I must admit, I am blown away by GitHub's latest technical preview, Copilot, despite not having access to it yet. It's almost like having Stack Overflow, your favourite snippets collection, and a pair programming buddy rolled into one.

There are some concerns being voiced about how this will impact the value of a developer's role.

While GitHub's Copilot will in time automate a fair amount of time in a developer's typical day, it can't account for the complexity involved in solving real-world problems using code. While the snippets generated by Copilot look to solve simple tasks, it's piecing these tasks together by the developer that counts. A developer's role is not just to write code but to understand the code being written. GitHub's Copilot looks to do both by providing generic suggestions that the developer can change to solve the problem they face. 

Given that my brain is not quite as sharp as it once was, I welcome any tool or product that helps me write and understand better code. GitHub's Copilot will definitely help me do both. While it won't make me a 10x developer in the future, it will definitely make me understand and be more proficient with more programming languages. 
Permalink / Tags: tools, programming, GitHub

Jun 29th, 2021 · 1 post

When does it become too hot?

In the last couple of weeks I've read about the impact of rising sea levels in the Florida Keys and now this week, we have the highest recorded temperature on Earth.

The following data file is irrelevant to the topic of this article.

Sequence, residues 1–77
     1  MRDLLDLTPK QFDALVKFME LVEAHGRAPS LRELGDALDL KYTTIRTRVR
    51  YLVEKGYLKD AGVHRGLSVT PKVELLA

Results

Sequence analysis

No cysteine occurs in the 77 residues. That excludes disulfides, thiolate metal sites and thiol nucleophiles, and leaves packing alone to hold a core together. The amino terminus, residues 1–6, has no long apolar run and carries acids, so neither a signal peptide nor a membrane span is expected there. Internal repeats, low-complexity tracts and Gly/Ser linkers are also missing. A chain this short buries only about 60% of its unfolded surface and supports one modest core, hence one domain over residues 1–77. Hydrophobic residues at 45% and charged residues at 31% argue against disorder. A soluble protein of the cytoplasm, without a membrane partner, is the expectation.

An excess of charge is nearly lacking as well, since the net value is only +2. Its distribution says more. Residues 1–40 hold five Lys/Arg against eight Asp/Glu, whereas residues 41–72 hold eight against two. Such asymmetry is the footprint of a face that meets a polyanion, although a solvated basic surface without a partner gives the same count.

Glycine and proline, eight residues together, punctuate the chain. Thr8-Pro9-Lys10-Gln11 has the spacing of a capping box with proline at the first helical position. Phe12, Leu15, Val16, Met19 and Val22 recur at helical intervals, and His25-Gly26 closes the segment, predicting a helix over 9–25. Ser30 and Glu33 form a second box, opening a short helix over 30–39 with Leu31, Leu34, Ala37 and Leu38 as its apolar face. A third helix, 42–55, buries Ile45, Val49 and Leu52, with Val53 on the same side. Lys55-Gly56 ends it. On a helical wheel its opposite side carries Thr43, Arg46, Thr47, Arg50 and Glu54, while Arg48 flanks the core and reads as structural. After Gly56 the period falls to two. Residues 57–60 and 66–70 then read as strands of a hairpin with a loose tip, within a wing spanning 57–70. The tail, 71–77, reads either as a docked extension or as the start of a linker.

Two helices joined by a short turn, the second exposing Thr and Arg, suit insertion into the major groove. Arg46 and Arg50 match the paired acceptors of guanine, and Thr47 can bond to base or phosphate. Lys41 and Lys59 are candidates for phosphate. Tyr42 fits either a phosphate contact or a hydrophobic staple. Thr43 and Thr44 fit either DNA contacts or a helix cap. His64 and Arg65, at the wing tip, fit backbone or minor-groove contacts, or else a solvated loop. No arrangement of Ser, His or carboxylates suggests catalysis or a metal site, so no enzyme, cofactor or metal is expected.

Jacobabad crossed the 35C wet bulb threshold in July 1987, then again in June 2005, June 2010 and July 2012. Each time the boundary may have been breached for only a few hours, but a three-day average temperature has been recorded hovering around 34C in June 2010, June 2001 and July 2012. The dry bulb temperature is often over 50C in the summer.

Hotter than the human body can handle: Pakistan city broils in world’s highest temperature
I can't even begin to imagine what it would be like to have to work in such heat. However, it's widely predicted that many more parts of the world will need to deal with such temperatures over the next few decades.  

At what point though does drastic action need to be taken instead of being acknowledged?

When does it simply become too hot for people to safely live their lives?

Clearly, we're already there. 
Permalink / Tags: Climate change

Jun 22nd, 2021 · 1 post

The slow heartbeat of Earth

Even Earth has its own heartbeat.
But through all of that, it seems Earth has been keeping time. A new study of ancient geological events suggests that our planet has a slow, steady 'heartbeat' of geological activity every 27 million years or so.

This pulse of clustered geological events - including volcanic activity, mass extinctions, plate reorganizations and sea level rises - is incredibly slow, a 27.5-million-year cycle of catastrophic ebbs and flows. But luckily for us, the research team notes we have another 20 million years before the next 'pulse'.

Earth Has a 27.5-Million-Year 'Heartbeat', But We Don't Know What Causes It 
Permalink / Tags: Earth, science

Jun 18th, 2021 · 1 post

First paragraph: The Midnight Library

Trying to reboot the reading habit again.
Nineteen years before she decided to die, Nora Seed sat in the warmth of the small library at Hazeldene School in the town of Bedford. She stared at a chessboard on a low table.

—  The Midnight Library by Matt Haig
Permalink / Tags: First paragraphs, books, Matt Haig

Jun 17th, 2021 · 1 post

Lunch date

I just had a wee lunch date with Jennifer at one of our favourite local restaurants.

Nice to get out of the house, have the cooking done for you and be in great company.  Shame I have to get back to work now. 

Matthew Lang

Freelance web developer specialising in Ruby on Rails